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Natural Awakenings Greater Boston - Rhode Island

Functional Medicine for Anxiety and Depression

Aug 27, 2013 11:16PM ● By Richard Chen, MD

The Anxiety and Depression Association of America reports that 18 percent of adults are affected by anxiety, while The World Health Organization has stated that 19 percent of Americans will suffer from depression in their lifetime. Fortunately, functional medicine provides treatment options for these mood disorders that allow people to be active in their own recovery.

Causes of Depression and Anxiety

Depression can vary from a long-term condition to that which is temporarily triggered by a specific life event. From a diagnostic standpoint, depression consists of having low mood, low self-esteem and the loss of pleasure in normally enjoyable activities. Anxiety becomes a disorder when it begins to change a person’s life. From a functional medicine perspective, one person’s depression or anxiety may be very different from another’s. The factors involved in depression and anxiety are psychological, cultural, genetic and related to lifestyle choices, diet and environment. While people often think that they’re depressed or anxious because of life events, more times than not biochemical issues within the body precede the negative external event. Imbalanced biochemistry affects a person’s view of life and their reactions to events. In many cases the cause of depression or anxiety is an internal, biological concern. Food sensitivities are an unrecognized factor in mood disorders, and research suggests that up to half of all Americans are affected. The most common food sensitivities are gluten and dairy. People with food sensitivities have a delayed reaction to food, which may present itself as heartburn, joint aches, fatigue or other symptoms. They may also feel depressed from eating food that puts stress on their system. Similarly, food sensitivities may cause anxiety because of the stress on the body.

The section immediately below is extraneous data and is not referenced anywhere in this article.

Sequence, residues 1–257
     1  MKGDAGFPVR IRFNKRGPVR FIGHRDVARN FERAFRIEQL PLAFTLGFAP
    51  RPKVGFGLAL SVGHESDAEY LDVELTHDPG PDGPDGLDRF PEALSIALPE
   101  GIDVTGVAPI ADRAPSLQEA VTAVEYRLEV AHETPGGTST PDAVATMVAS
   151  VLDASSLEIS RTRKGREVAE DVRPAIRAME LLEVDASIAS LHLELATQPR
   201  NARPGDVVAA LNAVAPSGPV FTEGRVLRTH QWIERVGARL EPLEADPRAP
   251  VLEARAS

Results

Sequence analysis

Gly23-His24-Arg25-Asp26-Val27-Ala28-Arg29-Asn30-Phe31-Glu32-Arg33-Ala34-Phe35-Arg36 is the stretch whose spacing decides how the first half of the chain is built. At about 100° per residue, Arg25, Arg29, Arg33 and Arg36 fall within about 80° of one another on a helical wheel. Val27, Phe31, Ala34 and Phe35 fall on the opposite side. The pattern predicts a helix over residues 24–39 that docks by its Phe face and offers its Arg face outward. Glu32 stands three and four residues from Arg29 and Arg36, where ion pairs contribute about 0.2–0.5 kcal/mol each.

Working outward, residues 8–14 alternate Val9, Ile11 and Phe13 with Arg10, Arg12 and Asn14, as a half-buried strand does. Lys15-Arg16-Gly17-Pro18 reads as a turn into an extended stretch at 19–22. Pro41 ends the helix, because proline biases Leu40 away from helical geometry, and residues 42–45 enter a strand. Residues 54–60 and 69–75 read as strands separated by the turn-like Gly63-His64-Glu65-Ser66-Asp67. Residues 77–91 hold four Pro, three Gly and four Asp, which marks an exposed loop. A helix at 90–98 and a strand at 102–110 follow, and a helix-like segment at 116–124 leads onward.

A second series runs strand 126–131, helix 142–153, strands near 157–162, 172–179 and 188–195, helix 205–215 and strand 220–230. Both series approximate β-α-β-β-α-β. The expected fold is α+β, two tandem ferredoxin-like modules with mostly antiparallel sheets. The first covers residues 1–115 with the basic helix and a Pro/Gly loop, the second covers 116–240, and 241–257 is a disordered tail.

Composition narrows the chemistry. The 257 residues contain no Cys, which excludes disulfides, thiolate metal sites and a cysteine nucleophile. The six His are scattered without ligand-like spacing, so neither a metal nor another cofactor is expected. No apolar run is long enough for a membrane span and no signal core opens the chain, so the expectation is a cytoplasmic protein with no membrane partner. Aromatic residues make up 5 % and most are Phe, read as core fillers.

The Role of Serotonin

Serotonin is a neurotransmitter in the brain responsible for a sense of peace. A person lacking serotonin may feel fearful and anxious, suffer sleep challenges and crave carbohydrates or other foods, based on the emotional environment in which they grew up. Some people have genetic issues that predispose them to making less serotonin. Family of personal histories of cancers (especially prostate, breast and endometrial cancers), depression, anxiety, alcoholism, early heart attacks, strokes or recurrent miscarriages flag the possibility of genetic issues that could affect serotonin levels. Physicians can test for the methylenetetrahydrofolate reductase (MTHFR) gene and, based on results, recommend supplements and dietary changes that support the body in making more serotonin. Another neurotransmitter that calms the body is Gamma-Aminobutryic acid (GABA). Low GABA levels can lead to a racing brain and anxiety. 

Other Causes of Mood Disorders